Speaking of which, I do wonder if the gaming accomplishments of handheld PC chips have spurred on Intel (and, indeed, AMD) to upgrade their integrated graphics. If Meteor Lake can make look-ma-no-graphics-card gaming more appealing, great! But it’s evidently not a new concept, and the Steam Deck in particular has been providing an excellent alternative to bulky gaming laptops for the better part of two years now. While Intel aren’t currently making APUs for the future Deck rivals – or at least, aren’t admitting to it publicly – there’s a whiff of its custom AMD chip, and indeed the ROG Ally/Lenovo Legion Go’s Ryzen Z1 Extreme, in the framerate-hunting focus of these new CPUs.

Just a thought, anyway. Here are all the Meteor Lake chips that are launching today, including the U-series CPUs, which don’t have Arc graphics and are thus irrelevant to, uh, half of this article.

Intel Core Ultra 7 165H Intel Core Ultra 7 155H Intel Core Ultra 5 135H Intel Core Ultra 5 125H
Core/threads 16/22 16/22 14/18 14/18
P-cores 6 6 4 4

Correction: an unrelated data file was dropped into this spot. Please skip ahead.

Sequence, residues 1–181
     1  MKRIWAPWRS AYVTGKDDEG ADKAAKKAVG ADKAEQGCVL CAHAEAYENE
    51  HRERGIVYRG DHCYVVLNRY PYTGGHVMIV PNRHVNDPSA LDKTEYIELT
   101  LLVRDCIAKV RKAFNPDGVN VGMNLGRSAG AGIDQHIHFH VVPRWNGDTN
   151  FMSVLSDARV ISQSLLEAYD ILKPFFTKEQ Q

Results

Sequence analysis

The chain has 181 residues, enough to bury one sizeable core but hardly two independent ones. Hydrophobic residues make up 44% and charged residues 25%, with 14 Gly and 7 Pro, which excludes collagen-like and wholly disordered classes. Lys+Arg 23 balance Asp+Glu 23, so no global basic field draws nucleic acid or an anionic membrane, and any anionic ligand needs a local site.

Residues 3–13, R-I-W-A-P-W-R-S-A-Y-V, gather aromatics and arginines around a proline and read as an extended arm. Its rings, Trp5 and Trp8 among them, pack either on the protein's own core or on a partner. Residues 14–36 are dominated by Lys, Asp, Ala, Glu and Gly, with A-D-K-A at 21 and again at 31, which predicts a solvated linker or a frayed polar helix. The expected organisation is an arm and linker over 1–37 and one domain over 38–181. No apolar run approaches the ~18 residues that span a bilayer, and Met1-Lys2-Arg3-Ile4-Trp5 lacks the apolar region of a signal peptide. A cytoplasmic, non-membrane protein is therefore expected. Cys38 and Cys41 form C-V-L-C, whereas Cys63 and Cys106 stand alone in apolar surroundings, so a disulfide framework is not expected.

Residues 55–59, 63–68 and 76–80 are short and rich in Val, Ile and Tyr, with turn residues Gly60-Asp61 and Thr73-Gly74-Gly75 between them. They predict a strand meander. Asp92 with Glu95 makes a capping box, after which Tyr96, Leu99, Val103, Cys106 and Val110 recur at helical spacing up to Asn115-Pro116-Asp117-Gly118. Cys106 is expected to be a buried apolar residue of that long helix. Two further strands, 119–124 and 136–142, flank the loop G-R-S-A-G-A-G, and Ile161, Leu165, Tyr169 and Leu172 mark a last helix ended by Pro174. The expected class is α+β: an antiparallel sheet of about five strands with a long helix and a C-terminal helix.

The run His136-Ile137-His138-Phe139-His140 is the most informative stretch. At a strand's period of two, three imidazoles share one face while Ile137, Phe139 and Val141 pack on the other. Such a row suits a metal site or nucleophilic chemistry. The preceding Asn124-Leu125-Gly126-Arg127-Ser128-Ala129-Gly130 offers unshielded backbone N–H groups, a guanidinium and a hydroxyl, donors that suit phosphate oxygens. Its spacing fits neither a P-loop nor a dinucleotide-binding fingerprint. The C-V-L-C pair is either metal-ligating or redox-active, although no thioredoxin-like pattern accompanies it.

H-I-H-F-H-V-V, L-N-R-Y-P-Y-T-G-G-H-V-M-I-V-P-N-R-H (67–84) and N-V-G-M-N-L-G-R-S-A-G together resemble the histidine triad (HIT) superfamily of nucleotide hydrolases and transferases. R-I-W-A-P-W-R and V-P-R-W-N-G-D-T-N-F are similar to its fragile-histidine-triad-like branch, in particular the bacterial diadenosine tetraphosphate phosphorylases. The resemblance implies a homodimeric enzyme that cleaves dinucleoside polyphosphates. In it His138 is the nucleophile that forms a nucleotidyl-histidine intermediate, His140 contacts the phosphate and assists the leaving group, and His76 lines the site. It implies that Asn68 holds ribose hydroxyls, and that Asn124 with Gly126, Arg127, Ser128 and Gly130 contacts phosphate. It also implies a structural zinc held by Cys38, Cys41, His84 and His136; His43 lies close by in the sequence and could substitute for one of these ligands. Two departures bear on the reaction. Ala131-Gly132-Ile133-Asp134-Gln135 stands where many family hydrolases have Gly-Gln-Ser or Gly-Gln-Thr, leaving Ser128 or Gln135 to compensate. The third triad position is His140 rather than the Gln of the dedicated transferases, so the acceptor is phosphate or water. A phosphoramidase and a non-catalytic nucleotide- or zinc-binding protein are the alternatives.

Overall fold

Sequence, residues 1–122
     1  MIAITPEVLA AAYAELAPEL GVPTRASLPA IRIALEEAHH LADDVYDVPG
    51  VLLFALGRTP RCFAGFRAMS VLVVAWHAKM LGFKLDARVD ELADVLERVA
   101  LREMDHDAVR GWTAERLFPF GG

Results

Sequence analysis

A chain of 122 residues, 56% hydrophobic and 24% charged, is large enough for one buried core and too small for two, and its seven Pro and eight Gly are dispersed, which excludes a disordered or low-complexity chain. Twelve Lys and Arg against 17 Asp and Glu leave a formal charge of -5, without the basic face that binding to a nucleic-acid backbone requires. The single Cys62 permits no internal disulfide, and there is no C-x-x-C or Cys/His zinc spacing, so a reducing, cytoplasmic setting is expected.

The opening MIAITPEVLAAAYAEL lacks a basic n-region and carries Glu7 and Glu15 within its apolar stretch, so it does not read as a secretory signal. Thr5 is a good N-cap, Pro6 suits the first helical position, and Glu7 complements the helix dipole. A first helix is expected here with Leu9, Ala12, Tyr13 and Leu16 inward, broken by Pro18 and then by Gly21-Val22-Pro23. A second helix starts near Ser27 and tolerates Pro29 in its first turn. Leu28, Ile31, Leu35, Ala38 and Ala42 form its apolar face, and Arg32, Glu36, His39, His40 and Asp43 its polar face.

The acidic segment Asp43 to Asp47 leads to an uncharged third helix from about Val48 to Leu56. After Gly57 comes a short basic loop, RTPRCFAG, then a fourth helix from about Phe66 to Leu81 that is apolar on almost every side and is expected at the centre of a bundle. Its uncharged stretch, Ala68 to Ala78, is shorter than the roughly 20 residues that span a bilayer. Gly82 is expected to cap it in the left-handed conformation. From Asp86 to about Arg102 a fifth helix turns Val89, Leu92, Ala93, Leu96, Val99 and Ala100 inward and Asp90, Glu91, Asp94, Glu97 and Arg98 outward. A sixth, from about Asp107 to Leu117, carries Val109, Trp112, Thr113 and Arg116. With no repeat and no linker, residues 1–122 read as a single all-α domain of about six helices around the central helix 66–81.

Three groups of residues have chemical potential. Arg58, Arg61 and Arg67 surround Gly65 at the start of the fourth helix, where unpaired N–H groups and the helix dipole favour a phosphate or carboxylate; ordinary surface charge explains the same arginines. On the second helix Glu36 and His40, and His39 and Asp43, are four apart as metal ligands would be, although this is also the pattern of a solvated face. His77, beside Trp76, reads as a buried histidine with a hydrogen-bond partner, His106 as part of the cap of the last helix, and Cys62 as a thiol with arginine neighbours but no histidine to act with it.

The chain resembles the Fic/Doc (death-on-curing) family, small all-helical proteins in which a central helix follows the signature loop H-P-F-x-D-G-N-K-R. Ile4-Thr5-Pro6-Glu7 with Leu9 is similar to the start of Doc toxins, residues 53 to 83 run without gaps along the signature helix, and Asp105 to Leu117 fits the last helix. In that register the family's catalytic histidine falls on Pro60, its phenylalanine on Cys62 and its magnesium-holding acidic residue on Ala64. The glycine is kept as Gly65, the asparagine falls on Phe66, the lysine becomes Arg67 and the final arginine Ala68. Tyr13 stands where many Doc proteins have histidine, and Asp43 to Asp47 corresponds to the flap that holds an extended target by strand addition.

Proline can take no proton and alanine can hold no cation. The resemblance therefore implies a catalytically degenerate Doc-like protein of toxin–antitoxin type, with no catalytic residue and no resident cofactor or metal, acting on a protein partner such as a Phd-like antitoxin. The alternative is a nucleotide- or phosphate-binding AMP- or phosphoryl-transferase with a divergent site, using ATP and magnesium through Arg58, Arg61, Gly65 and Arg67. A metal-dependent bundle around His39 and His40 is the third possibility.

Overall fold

E-cores 8 8 8 8
P-core Max Turbo Frequency 5.0GHz 4.8GHz 4.6GHz 4.5GHz
E-core Max Turbo Frequency 3.8GHz 3.8GHz 3.6Ghz 3.6GHz
GPU Intel Arc GPU Intel Arc GPU Intel Arc GPU Intel Arc GPU
Xe cores 8 8 7 7
Neural processor Intel AI Boost Intel AI Boost Intel AI Boost Intel AI Boost
Base power 28W 28W 28W 28W
Maximum Turbo Power 115W 115W 115W 115W
Intel Core Ultra 7 165U Intel Core Ultra 7 155U Intel Core Ultra 5 135U Intel Core Ultra 5 125U
Core/threads 12/14 12/14 12/14 12/14
P-cores 2 2 2 2
E-cores 8 8 8 8
P-core Max Turbo Frequency 4.9GHz 4.8GHz 4.4GHz 4.3GHz
E-core Max Turbo Frequency 3.8GHz 3.8GHz 3.6Ghz 3.6GHz
GPU Intel graphics Intel graphics Intel graphics Intel graphics
Xe cores 4 4 4 4
Neural processor Intel AI Boost Intel AI Boost Intel AI Boost Intel AI Boost
Base power 15W 15W 15W 15W
Maximum Turbo Power 57W 57W 57W 57W

And here are a few more, planned for launch in something between January and March 2024:

Intel Core Ultra 9 185H Intel Core Ultra 7 164U Intel Core Ultra 5 134U
Core/threads 16/22 12/14 12/14
P-cores 6 2 2
E-cores 8 8 8
P-core Max Turbo Frequency 5.1GHz 4.8GHz 4.4GHz
E-core Max Turbo Frequency 3.8GHz 3.8GHz 3.6Ghz
GPU Intel Arc GPU Intel graphics Intel graphics
Xe cores 8 4 4
Neural processor Intel AI Boost Intel AI Boost Intel AI Boost
Base power 45W 15W 15W
Maximum Turbo Power 115W 30W 30W


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About the Author
James Archer avatar

James Archer

Hardware Editor

James had previously hung around beneath the RPS treehouse as a freelancer, before being told to drop the pine cones and climb up to become hardware editor. He has over a decade’s experience in testing/writing about tech and games, something you can probably tell from his hairline.